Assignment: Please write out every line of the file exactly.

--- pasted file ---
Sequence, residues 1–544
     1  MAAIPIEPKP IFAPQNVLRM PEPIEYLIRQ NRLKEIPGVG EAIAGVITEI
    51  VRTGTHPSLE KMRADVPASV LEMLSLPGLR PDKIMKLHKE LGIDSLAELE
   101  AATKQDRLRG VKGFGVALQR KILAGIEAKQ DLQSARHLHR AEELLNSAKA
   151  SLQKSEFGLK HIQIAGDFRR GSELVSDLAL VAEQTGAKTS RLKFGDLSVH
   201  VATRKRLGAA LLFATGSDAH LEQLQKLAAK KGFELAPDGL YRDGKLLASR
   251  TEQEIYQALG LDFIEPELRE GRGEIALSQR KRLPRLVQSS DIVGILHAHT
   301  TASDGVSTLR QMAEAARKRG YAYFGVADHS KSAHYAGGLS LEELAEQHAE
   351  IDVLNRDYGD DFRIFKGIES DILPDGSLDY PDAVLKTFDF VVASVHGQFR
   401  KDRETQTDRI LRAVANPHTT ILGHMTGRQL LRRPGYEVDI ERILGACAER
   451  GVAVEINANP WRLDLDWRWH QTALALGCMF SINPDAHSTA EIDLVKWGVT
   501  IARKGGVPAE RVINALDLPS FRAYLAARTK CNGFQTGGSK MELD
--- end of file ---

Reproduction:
Sequence, residues 1–544
     1  MAAIPIEPKP IFAPQNVLRM PEPIEYLIRQ NRLKEIPGVG EAIAGVITEI
    51  VRTGTHPSLE KMRADVPASV LEMLSLPGLR PDKIMKLHKE LGIDSLAELE
   101  AATKQDRLRG VKGFGVALQR KILAGIEAKQ DLQSARHLHR AEELLNSAKA
   151  SLQKSEFGLK HIQIAGDFRR GSELVSDLAL VAEQTGAKTS RLKFGDLSVH
   201  VATRKRLGAA LLFATGSDAH LEQLQKLAAK KGFELAPDGL YRDGKLLASR
   251  TEQEIYQALG LDFIEPELRE GRGEIALSQR KRLPRLVQSS DIVGILHAHT
   301  TASDGVSTLR QMAEAARKRG YAYFGVADHS KSAHYAGGLS LEELAEQHAE
   351  IDVLNRDYGD DFRIFKGIES DILPDGSLDY PDAVLKTFDF VVASVHGQFR
   401  KDRETQTDRI LRAVANPHTT ILGHMTGRQL LRRPGYEVDI ERILGACAER
   451  GVAVEINANP WRLDLDWRWH QTALALGCMF SINPDAHSTA EIDLVKWGVT
   501  IARKGGVPAE RVINALDLPS FRAYLAARTK CNGFQTGGSK MELD